But, and this is a huge but, it is no substitute for face-to-face relationships and community building. The problem is that it becomes an addiction that keeps people away from real relationships with other people. And because they're not looking at each other eyeball to eyeball, people feel like that they can say anything. And folks are truly, truly nasty with each other. It's over the top. So the ministry of my Facebook page is teaching Christians how to be civil and respectful with each other. I try to get them to share and not argue, to dialogue and not debate, to respond and not react. And I have a real easy solution to people who won't do that. I just block them.
It's vogue these days to fast from technology. Have you done that?
I haven't. I think it's a good idea, but I'm going to stay online. I take this Benedictine monastic perspective on most things, and that is to use things but use them moderately. Have possessions but don't let them posses you. Consume but don't be consumed by what you're consuming.
How about a few comments about your new book?
It's called The Universal Monk: The Way of the New Monastics. It's trying to represent this new movement called the New Monasticism. It goes across the barriers of church affiliation, spirituality, state of life. It's folks of every state of life that feel drawn to a monastic spirituality and living it within their context. And it's being manifested in integrated monasteries where we integrate the charismatic and the contemplatives, spontaneous, liturgical, solitude and the hermitage, and community life.
And it brings together states of life. In our monastery we have traditional celibate monks, traditional celibate sisters, singles who can marry, and families. I'm part of the family expression. We would also have domestics, based on the word domicile, who live in their own homes. And we really feel that here in the United States that latter expression is that which most folks can relate to. The phenomenon of people affiliating with monasteries in some way is growing by leaps and bounds. And not just Catholics, but non-Catholics and even some non-Christians. This book tries to address that phenomenon.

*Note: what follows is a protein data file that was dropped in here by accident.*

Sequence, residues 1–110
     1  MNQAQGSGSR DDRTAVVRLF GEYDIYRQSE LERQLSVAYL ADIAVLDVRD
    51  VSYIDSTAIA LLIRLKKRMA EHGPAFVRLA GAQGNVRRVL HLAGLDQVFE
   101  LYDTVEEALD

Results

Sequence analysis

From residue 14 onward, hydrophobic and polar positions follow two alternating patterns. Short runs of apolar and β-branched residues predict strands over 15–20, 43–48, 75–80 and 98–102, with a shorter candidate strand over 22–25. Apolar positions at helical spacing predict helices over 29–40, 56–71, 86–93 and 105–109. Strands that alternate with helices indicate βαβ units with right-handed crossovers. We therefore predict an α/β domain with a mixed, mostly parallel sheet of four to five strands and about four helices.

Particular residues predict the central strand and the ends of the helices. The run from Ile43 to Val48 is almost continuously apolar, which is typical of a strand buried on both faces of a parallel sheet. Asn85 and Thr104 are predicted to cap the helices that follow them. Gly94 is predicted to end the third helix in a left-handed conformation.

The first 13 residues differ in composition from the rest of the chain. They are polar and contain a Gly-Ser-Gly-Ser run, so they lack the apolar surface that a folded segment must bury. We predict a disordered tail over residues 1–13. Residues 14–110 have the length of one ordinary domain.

Are we reaching a point where the very word monasticism is losing its meaning? I mean, can I live in my home and still have my two cars and our dual incomes and my cable TV … and still be a monk?
You can't be a monk, but you can be monastic. Now the word monk has never stood still. There were all kinds of different expressions of monasteries ranging from solitaries to people who lived in colonies of solitaries to people who lived in strict community, people who lived in cities, people who lived in the wilderness. I actually have a whole section on that in the book. And the New Monasticism is just a new expression of it. But the etymology of the word, strictly speaking, applies only to solitaries. A monk is one who is monos, who is one and alone. But from the start, it applied to communities, so the word began to morph from the beginning, and it's still developing today. But you don't lose the essence of the reality.